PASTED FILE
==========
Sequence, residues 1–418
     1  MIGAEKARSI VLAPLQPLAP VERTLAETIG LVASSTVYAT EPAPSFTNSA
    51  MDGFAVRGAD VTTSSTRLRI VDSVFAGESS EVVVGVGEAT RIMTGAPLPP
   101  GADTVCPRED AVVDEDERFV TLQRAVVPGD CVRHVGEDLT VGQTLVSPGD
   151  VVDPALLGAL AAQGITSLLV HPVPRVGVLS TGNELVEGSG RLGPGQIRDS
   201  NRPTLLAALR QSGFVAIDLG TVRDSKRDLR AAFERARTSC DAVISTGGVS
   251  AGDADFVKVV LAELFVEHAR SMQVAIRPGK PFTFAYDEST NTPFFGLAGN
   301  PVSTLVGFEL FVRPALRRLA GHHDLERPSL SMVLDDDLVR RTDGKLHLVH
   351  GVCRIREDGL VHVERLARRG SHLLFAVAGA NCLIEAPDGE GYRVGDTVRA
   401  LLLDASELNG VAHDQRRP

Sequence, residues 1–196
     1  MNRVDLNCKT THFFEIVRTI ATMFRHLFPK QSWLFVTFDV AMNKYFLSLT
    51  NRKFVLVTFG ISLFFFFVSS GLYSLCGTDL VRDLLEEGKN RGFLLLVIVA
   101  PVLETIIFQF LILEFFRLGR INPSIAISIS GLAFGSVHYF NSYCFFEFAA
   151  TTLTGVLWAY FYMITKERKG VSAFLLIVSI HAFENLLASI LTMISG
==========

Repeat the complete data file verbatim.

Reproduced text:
Sequence, residues 1–418
     1  MIGAEKARSI VLAPLQPLAP VERTLAETIG LVASSTVYAT EPAPSFTNSA
    51  MDGFAVRGAD VTTSSTRLRI VDSVFAGESS EVVVGVGEAT RIMTGAPLPP
   101  GADTVCPRED AVVDEDERFV TLQRAVVPGD CVRHVGEDLT VGQTLVSPGD
   151  VVDPALLGAL AAQGITSLLV HPVPRVGVLS TGNELVEGSG RLGPGQIRDS
   201  NRPTLLAALR QSGFVAIDLG TVRDSKRDLR AAFERARTSC DAVISTGGVS
   251  AGDADFVKVV LAELFVEHAR SMQVAIRPGK PFTFAYDEST NTPFFGLAGN
   301  PVSTLVGFEL FVRPALRRLA GHHDLERPSL SMVLDDDLVR RTDGKLHLVH
   351  GVCRIREDGL VHVERLARRG SHLLFAVAGA NCLIEAPDGE GYRVGDTVRA
   401  LLLDASELNG VAHDQRRP

Sequence, residues 1–196
     1  MNRVDLNCKT THFFEIVRTI ATMFRHLFPK QSWLFVTFDV AMNKYFLSLT
    51  NRKFVLVTFG ISLFFFFVSS GLYSLCGTDL VRDLLEEGKN RGFLLLVIVA
   101  PVLETIIFQF LILEFFRLGR INPSIAISIS GLAFGSVHYF NSYCFFEFAA
   151  TTLTGVLWAY FYMITKERKG VSAFLLIVSI HAFENLLASI LTMISG